First, the family did short trips up the East Coast from Rhode Island to Maine, then into Manhattan and as far north as Nova Scotia.
As their operating roles at Sonic became lighter, Sauer and family took longer, more exotic summer adventures. In 2008, they traveled along the entire west coast of Italy. The next year, they moved to Florence for a few months and enrolled their then-fourth-grade daughter in an all-Italian school. Their 2009 sailing trip took them from Athens to the Greek Islands, the east coast of Italy to Croatia. In 2010, they cruised the coast of Turkey to Istanbul and the Black Sea.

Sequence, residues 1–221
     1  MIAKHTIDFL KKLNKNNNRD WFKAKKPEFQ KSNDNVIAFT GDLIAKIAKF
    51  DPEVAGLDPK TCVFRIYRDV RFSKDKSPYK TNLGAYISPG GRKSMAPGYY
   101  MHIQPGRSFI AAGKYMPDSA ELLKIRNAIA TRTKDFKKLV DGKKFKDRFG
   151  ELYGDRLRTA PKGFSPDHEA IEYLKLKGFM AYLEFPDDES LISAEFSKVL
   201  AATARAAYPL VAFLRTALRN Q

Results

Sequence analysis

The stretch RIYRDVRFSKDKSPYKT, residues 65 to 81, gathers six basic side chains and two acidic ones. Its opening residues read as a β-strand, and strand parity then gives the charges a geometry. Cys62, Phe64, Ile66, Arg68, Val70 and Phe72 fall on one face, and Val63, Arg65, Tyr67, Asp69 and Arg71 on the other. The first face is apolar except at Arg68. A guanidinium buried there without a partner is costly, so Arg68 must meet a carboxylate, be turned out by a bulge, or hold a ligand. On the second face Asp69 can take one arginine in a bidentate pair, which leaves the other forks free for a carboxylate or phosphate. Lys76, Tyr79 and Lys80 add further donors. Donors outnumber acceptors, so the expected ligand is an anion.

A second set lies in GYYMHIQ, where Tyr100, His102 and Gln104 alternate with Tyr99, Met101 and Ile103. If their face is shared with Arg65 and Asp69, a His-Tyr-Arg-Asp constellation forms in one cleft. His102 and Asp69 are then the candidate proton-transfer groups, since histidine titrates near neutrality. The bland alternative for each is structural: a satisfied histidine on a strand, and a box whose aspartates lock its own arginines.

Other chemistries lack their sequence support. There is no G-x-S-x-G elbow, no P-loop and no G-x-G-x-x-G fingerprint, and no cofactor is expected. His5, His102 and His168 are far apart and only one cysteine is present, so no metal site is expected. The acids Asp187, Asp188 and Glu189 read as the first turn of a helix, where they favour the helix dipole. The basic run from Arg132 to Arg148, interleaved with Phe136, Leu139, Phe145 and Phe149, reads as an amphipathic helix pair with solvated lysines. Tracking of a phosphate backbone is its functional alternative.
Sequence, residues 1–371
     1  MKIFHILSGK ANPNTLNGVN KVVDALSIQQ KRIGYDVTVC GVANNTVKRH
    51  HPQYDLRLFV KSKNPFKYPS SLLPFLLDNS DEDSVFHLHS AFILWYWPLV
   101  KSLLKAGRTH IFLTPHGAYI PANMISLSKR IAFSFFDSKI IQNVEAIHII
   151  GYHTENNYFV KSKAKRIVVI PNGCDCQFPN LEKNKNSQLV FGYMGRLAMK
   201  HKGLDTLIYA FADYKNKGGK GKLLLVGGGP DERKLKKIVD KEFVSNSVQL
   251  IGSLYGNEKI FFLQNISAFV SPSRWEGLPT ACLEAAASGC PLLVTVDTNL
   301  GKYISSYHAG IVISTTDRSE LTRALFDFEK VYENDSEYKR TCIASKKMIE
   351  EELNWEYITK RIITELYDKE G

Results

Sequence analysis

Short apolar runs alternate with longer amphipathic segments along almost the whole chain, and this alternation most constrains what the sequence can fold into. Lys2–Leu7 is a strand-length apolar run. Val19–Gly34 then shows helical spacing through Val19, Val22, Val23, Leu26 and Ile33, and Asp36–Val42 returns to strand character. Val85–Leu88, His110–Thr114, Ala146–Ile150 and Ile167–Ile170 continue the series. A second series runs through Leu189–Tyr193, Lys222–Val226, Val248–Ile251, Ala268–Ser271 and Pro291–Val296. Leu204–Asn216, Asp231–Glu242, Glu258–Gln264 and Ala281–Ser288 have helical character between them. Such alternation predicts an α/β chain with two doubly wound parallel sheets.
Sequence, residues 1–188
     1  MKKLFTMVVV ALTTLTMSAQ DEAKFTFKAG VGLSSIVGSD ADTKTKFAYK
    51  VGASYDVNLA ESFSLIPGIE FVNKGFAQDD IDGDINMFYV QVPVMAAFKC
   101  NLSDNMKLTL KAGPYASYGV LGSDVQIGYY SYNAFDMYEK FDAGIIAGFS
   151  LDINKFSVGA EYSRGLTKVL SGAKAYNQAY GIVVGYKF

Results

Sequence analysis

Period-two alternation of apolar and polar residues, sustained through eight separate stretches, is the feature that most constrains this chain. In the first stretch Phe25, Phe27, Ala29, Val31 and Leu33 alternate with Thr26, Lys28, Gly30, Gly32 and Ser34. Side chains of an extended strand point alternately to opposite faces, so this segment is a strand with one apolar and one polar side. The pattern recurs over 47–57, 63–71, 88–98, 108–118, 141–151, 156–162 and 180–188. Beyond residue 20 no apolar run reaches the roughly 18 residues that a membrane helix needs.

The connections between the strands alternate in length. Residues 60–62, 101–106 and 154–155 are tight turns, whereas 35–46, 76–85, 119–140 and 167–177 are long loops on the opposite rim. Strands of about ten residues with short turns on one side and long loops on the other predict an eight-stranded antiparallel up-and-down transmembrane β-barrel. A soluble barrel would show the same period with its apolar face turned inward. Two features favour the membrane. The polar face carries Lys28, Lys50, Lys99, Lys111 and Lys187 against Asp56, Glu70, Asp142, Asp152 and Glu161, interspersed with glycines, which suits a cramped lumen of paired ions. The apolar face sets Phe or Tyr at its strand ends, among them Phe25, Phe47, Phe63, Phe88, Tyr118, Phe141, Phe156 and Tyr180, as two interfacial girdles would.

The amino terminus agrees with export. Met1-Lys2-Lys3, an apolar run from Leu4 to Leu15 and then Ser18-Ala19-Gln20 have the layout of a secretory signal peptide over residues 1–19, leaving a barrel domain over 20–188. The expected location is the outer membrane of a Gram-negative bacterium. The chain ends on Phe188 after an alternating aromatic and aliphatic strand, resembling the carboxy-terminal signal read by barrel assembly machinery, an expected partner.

“One summer, we read Greek mythology and then stood at the Oracle of Delphi. Another summer, we climbed Stromboli and read parts of the Odyssey as we passed through the straights of Messina,” Sauer says.
To escape the hot summers in the south, last year they headed to the fjords of Norway and the archipelago of Sweden. This summer, they laid a course from Barcelona and Costa Brava, across the French Riviera to Italy.
“It’s a family life for which I’m very happy and grateful,” she says. And sometimes very wet and salty.
At Home, On the Road
When he has it, John Amos Cooper, WG’05, spends his downtime with his wife and two young daughters at their house on Sunset Island outside of Miami Beach. As a fine arts major at Cornell, Cooper might also be found relaxing in his studio painting—abstract is his current style of choice.